by Georgia Pellegrini - Monday, January 06, 2014
Though the holidays have come and gone, you may still have much entertaining to attend to—not to mention the endless to-do lists and errands that come with it. From pumpkin carving in the fall to champagne chilling in the winter, no host or hostess has much time for leisure at this time of year—except perhaps when we can escape to the deer stand.
Unfortunately, the chaos of such a season can turn something as zen-like as cooking into a daunting, stressful task if not streamlined smartly. That is why in these months, when I’m not entertaining I focus on dishes that are quick and delicious. And healthy? There’s a word that’s rarely thrown around at this time of year. But with access to wild game you can produce something sublime and healthy with a lean venison backstrap and a simple sauce that is versatile.
Recently, I had a friend over for dinner. It was impromptu, and she brought along some venison that her father had hunted. When I don’t have many ingredients and want to keep things quick and simple, I turn to this sauce because of its versatility, and simplicity. The fewer steps in your process the more likely you are to cook for yourself on a busy weeknight.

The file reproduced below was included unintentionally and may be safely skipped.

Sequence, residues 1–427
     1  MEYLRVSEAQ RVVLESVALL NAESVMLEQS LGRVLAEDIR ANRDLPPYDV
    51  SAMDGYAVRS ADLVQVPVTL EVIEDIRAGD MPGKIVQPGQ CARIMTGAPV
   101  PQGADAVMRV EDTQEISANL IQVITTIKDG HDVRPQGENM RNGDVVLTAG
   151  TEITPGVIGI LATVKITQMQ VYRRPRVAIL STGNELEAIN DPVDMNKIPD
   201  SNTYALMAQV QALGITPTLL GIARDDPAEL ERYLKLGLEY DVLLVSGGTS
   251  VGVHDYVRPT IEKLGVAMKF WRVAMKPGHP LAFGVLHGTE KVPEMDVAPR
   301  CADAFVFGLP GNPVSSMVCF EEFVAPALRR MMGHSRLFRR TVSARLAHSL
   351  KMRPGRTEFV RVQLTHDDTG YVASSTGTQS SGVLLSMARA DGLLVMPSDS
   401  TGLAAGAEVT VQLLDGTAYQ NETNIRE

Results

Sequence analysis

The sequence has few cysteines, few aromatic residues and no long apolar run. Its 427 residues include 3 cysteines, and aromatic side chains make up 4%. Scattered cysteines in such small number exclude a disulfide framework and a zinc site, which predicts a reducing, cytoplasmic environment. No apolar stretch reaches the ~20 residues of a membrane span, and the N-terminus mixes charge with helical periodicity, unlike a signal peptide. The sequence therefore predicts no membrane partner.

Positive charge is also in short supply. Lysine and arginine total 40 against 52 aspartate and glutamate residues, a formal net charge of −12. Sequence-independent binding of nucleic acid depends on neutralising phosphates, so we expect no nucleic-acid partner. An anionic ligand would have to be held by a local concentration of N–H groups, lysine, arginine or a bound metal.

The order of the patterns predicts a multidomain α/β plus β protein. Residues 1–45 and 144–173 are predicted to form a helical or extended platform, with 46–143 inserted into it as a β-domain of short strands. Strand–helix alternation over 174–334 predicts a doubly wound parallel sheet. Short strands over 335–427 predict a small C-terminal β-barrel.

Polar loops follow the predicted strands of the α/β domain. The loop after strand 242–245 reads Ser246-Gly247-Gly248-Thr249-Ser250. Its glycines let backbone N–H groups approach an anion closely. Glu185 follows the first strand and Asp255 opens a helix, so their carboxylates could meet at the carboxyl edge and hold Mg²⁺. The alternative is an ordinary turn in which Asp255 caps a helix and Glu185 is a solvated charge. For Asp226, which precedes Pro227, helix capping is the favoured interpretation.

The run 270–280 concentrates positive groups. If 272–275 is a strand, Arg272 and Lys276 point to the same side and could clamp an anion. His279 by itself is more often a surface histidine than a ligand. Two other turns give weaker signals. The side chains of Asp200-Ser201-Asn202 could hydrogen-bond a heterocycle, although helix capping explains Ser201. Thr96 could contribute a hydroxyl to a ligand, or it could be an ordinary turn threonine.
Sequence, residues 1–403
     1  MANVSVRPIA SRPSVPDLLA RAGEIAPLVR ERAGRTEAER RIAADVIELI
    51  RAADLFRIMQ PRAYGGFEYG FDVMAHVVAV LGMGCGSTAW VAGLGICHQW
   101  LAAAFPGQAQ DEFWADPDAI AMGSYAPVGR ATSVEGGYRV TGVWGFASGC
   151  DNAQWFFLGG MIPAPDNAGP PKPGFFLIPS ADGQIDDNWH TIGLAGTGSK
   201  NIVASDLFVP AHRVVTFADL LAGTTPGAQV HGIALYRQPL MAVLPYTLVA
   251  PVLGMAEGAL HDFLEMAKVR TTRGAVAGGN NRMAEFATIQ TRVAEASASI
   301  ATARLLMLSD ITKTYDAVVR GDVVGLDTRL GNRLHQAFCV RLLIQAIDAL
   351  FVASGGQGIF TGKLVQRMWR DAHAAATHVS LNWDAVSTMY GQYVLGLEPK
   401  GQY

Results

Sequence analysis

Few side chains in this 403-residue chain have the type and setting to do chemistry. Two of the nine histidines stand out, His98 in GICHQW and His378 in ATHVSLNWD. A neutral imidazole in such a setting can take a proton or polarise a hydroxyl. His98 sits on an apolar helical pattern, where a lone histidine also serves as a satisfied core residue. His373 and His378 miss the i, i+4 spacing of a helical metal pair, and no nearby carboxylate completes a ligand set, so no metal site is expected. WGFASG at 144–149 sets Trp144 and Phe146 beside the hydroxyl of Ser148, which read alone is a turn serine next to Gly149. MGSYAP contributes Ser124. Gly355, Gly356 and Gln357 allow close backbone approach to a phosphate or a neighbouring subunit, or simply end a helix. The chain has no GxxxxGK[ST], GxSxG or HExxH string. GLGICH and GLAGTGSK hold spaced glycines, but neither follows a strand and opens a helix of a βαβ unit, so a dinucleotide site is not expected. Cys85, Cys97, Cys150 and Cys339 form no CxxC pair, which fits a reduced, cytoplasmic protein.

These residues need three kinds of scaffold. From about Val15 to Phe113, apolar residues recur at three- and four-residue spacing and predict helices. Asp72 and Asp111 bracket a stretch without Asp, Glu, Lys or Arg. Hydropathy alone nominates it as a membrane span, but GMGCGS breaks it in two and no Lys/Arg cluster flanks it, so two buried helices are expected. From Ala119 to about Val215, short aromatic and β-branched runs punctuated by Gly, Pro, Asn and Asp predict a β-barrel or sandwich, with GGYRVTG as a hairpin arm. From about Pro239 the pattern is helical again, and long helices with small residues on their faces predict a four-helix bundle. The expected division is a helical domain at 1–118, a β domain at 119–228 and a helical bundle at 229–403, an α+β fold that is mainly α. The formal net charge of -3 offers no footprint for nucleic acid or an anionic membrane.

This sauce can be used on anything from elk to beef to pork, and even chicken. And it is a great way to use up last season’s game meat and increase your freezer space for all of your successful hunts this season. Try making a batch of this sauce when you’re looking for something simple and delicious this season, it will become your new go-to favorite.
“Venison in Red Wine & Port Mushroom Sauce”
• 1 venison backstrap
• Salt and pepper
• 2 tablespoons grapeseed oil
• 1 cup sliced button mushrooms
• 2 shallots, thinly sliced
• 2 tablespoons flour
• 1/2 cup red wine
• 1/2 cup port wine
1. Season the venison with salt and pepper liberally on all sides.
2. Heat a skillet with 1 tablespoon of grapeseed oil until smoking hot. Add the venison backstrap and sear on all sides until well browned, about 5 minutes in total for rare, about 8 minutes for medium rare.
3. Remove the backstrap to a rack or cutting board and let it rest for 5-10 minutes.
4. Add 1 tablespoon of grapeseed oil to the pan, heat and add the mushrooms and shallots. Sprinkle with salt and pepper to help release the juices and cook until soft. Sprinkle with the flour and stir to dry out the pan.
5. Add the red wine and port and simmer, stirring to break up the flour. Let reduce by about half until thickened and the alcohol burns off.
6. Slice the venison into thin slices and spoon over the sauce. Serve immediately.
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